4. A professional writer will always have projects going on in different stages of production. While we were editing The Dark Road, I had already written five short stories and pitched them to Juggernaut. Once The Dark Road got ready for release, we were working on the editing of these stories while I had started writing the first draft of Tears for Strangers and while that was going through its paces post first draft, I had started writing the short stories that became part of Nagin. After the advent of digital publishing and explosion in the self-publishing market, the bandwidth on offer to each new writer is getting squeezed. If you want to hold onto that bandwidth, you need to have projects ready for publishing with a fair bit of continuity. Adam Croft, a successful self-published writer from England says the best thing he did after he finished writing his first book, is he wrote another. I endorse this whole-heartedly.
  5. Whether self-published or trad, do it for the right reasons. If you want to self-publish because you don’t have the patience for the process or the stomach to reject large swathes of rejections or criticisms, you are doing it wrong. If you want to go trad because you think self-publishing is somehow demeaning or if you think traditionally published authors don’t have to sell their own books, then you are doing it wrong. Both options come with their own pros and cons and it is very important to first understand both and then decide which one plays best to your strengths.

Stephen King has described writing as a form of telepathy, extending the same analogy, I would say published writing is a form of a magic show that you as a magician produce with the help of many professionals. A wise magician knows his strengths and surrounds himself with teams that compliments his strengths.

Be  that wise magician.

Mayur Didolkar is an entrepreneur cum author with an undying passion for literature, politics and marathons. Check out his whole published collection here.



#AuthorpreneurSpeak – How to Be a Guerrilla Authorpreneur by Adite Banerjie #MondayMotivation #Guestpost

For the third installment of #AuthorpreneurSpeak, I am delighted to publish the guest post by the very knowledgeable Adite Banerjie. Having seen the traditional publishing side of the ecosystem from close quarters, Adite recently turned to Indie publishing. Read on to learn from her experiences. 

There has been a tectonic shift in the publishing world in the last ten years. Getting a book contract from a traditional publisher is no longer the only way to see your name on the cover of your novel. The role of the publisher and/or agent who stand guard as gatekeepers to the publishing world has diminished. Suddenly, it is possible for writers to go directly to readers as long as there is a digital platform on which they can make their work available.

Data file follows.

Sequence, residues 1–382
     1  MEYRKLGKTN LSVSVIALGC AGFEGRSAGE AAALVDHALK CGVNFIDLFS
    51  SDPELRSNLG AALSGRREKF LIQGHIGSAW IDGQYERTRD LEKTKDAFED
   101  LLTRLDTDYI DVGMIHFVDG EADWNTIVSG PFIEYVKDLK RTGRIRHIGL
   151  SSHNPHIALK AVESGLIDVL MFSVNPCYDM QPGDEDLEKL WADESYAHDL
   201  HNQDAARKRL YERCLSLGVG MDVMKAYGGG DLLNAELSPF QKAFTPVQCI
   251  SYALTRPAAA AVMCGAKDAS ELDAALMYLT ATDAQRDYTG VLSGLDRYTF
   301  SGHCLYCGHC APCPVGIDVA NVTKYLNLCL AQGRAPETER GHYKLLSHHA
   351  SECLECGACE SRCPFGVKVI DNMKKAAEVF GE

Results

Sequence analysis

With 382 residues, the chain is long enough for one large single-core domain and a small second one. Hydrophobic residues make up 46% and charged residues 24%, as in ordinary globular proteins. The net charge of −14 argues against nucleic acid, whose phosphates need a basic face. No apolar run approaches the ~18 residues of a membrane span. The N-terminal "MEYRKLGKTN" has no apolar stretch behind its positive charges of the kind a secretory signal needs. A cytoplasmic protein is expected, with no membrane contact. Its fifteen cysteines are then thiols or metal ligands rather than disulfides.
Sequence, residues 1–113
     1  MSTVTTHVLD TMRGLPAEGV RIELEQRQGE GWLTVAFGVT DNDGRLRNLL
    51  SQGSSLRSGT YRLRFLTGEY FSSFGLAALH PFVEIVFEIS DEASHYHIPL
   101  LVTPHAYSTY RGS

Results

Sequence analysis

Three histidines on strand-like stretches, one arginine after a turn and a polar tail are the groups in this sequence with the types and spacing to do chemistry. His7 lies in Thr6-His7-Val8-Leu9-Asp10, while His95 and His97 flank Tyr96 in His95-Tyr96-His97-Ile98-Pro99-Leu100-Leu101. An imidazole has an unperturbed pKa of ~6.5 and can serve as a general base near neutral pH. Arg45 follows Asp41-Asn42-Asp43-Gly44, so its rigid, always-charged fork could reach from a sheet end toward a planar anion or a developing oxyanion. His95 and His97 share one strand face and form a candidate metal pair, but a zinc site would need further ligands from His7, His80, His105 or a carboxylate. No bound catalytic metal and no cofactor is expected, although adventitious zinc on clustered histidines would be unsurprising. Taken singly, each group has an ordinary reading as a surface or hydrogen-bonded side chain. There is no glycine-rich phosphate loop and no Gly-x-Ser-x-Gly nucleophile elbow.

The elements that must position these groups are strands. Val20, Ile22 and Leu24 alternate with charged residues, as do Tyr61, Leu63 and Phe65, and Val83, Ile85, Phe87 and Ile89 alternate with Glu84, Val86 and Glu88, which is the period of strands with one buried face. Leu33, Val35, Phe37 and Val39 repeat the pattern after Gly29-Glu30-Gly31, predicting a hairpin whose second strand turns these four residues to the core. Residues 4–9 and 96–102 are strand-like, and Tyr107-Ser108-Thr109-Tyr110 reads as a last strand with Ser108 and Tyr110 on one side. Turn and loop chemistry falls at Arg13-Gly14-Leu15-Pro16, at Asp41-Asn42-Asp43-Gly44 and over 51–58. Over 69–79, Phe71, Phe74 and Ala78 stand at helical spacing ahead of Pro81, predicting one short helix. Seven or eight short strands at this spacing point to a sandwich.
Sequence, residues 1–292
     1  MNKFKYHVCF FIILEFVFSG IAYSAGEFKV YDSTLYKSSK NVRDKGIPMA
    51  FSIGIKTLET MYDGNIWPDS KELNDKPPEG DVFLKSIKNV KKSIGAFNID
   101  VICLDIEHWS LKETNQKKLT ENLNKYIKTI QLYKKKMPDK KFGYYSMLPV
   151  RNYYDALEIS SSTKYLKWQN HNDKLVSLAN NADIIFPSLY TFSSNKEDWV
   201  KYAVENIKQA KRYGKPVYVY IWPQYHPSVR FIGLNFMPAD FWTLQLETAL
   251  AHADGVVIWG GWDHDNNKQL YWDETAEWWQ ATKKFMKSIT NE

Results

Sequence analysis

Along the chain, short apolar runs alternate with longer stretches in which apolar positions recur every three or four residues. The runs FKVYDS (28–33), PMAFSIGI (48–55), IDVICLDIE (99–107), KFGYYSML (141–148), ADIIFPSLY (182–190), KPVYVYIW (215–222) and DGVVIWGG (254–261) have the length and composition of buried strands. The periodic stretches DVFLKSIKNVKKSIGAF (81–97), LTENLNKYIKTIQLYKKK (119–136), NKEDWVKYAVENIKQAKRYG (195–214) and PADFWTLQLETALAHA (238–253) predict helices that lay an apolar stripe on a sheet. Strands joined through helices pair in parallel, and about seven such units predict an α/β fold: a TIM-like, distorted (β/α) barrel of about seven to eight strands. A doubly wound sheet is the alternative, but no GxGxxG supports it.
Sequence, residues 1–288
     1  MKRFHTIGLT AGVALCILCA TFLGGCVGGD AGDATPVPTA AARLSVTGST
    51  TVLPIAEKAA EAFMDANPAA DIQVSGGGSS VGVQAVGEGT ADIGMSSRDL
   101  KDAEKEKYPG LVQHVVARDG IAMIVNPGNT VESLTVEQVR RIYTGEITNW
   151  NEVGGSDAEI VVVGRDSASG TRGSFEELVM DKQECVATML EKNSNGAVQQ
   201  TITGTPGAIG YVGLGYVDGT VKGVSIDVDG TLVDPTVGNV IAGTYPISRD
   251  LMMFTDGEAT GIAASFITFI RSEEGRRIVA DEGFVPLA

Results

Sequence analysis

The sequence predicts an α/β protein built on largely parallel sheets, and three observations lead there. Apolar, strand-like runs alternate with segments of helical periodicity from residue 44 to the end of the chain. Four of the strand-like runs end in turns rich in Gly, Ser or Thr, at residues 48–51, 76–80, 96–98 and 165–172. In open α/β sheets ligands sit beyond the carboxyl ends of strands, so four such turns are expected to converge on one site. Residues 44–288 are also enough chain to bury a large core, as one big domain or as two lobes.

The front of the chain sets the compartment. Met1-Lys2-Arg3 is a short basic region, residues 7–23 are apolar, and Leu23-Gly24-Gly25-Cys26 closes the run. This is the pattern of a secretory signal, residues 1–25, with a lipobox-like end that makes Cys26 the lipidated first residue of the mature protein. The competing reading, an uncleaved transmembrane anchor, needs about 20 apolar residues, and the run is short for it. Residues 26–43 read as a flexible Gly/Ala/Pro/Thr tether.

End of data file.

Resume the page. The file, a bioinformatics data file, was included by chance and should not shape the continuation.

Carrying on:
The rise of Amazon and its self-publishing platform (KDP Select) has been a game-changer in the slow-paced world of publishing. It has empowered writers by turning them into self-publishers and marketers of their own books. Speed to market which was once a term that was never attributed to book marketing has become the mantra for writers who have donned a new avatar—as entrepreneurs. Or, more accurately, authorpreneurs.

However, the word ‘authorpreneur’ is not mere jargon. It entails a shift in mindset. It   means that as a writer one is willing to dive into the business side of writing. For decades, writers have convinced themselves—and publishers have propagated this myth—that as a creative person one shouldn’t be getting his or her hands dirty in the business side of writing. But by accepting this argument the writer is signing away the right to take decisions on her own work.

Authorpreneurship offers writers the opportunity to make a call on issues that they have never had a say on—including pricing of books, cover design, marketing and more. But to be an effective authorpreneur a writer has to be willing to take the risk, change gears when required and constantly upgrade herself on the business side of writing.

Most importantly, while learning the new skills of authorpreneurship, a writer cannot forget that her book is the centrepiece around which all her strategies will revolve. So, make sure that the book is worthy enough of being professionally published.

As a newly minted authorpreneur myself, I have been keenly observing the traits of successful self-published authors. As a novice in this game I’ve realized that I need to operate more as a guerrilla authorpreneur to survive in this very competitive arena—and developing some of the following traits would be extremely beneficial.

Be creative: That’s the hallmark of a writer. But the authorpreneur needs to extend her creativity beyond writing and into marketing activities as well. Selecting an appealing cover design or communicating with readers and followers on social media platforms in a creative manner will make her efforts as an authorpreneur stand out.